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John Nephew

Maplewood City Council Policy & Politics


An Economic Right?

"ClassicLiberal" recently wrote in the comments, "I am pro choice on this and most of the people in Maplewood are too in regards to this economic right," and, "The question Mr. Nephew is not WHAT should be organized but WHO should decide."

The fact that some cities have decided not to organize does not establish choice of residential trash hauler as a universal right of individuals. The State of Minnesota, Congress, and the Supreme Court agree that it's a city's job to decide whether and how to organize trash hauling. To quote Chief Justice John Roberts in a 2007 opinion, "Congress itself has recognized local government’s vital role in waste management, making clear that 'collection and disposal of solid wastes should continue to be primarily the function of State, regional, and local agencies'" (citing the Resource Conservation and Recovery Act of 1976). The State of Minnesota has granted cities specific authority through the organized collection statute. Since cities have that authority, and this is a republic, the "WHO should decide" question is obviously determined by elections.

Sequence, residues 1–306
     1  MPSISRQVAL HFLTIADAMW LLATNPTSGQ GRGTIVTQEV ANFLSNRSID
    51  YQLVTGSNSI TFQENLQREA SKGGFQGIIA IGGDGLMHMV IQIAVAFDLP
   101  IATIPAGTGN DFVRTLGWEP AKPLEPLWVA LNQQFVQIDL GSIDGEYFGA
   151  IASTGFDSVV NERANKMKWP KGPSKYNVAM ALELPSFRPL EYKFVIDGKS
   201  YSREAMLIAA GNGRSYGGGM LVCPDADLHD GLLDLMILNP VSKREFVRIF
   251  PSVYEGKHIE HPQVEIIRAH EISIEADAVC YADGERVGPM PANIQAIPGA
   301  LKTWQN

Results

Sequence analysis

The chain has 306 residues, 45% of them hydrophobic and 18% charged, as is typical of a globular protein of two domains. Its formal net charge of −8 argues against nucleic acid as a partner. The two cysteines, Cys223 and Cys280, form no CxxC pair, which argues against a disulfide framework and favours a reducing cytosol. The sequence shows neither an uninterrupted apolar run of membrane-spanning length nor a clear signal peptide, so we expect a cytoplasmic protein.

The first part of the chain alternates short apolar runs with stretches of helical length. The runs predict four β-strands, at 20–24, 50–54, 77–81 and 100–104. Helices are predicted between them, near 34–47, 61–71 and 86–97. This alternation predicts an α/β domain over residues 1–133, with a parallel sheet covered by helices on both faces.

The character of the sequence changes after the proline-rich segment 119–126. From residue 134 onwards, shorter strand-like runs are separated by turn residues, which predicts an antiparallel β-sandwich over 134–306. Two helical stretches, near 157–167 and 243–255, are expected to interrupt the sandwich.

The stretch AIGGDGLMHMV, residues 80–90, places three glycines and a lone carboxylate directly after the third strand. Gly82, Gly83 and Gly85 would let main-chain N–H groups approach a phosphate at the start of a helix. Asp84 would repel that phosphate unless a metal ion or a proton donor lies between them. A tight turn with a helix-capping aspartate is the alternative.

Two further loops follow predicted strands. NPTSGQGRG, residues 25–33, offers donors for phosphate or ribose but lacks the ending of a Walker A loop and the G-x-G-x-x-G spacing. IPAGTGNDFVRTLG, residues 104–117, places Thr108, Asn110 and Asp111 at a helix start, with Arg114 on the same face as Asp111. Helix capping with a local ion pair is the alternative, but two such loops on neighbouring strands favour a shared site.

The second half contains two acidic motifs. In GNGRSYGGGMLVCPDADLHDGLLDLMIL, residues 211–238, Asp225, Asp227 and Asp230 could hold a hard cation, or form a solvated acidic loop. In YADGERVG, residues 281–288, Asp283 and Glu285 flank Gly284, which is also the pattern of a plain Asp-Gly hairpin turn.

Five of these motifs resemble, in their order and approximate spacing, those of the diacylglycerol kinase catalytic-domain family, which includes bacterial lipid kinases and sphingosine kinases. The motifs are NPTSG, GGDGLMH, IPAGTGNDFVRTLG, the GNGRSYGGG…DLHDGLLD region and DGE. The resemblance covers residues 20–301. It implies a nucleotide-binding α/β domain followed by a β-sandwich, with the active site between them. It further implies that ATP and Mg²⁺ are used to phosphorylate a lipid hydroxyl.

We should certainly discuss whether we should organize, and if so how to do it, but to assert that organizing is out of bounds because it violates an inalienable "economic right" is simply a libertarian fantasy.


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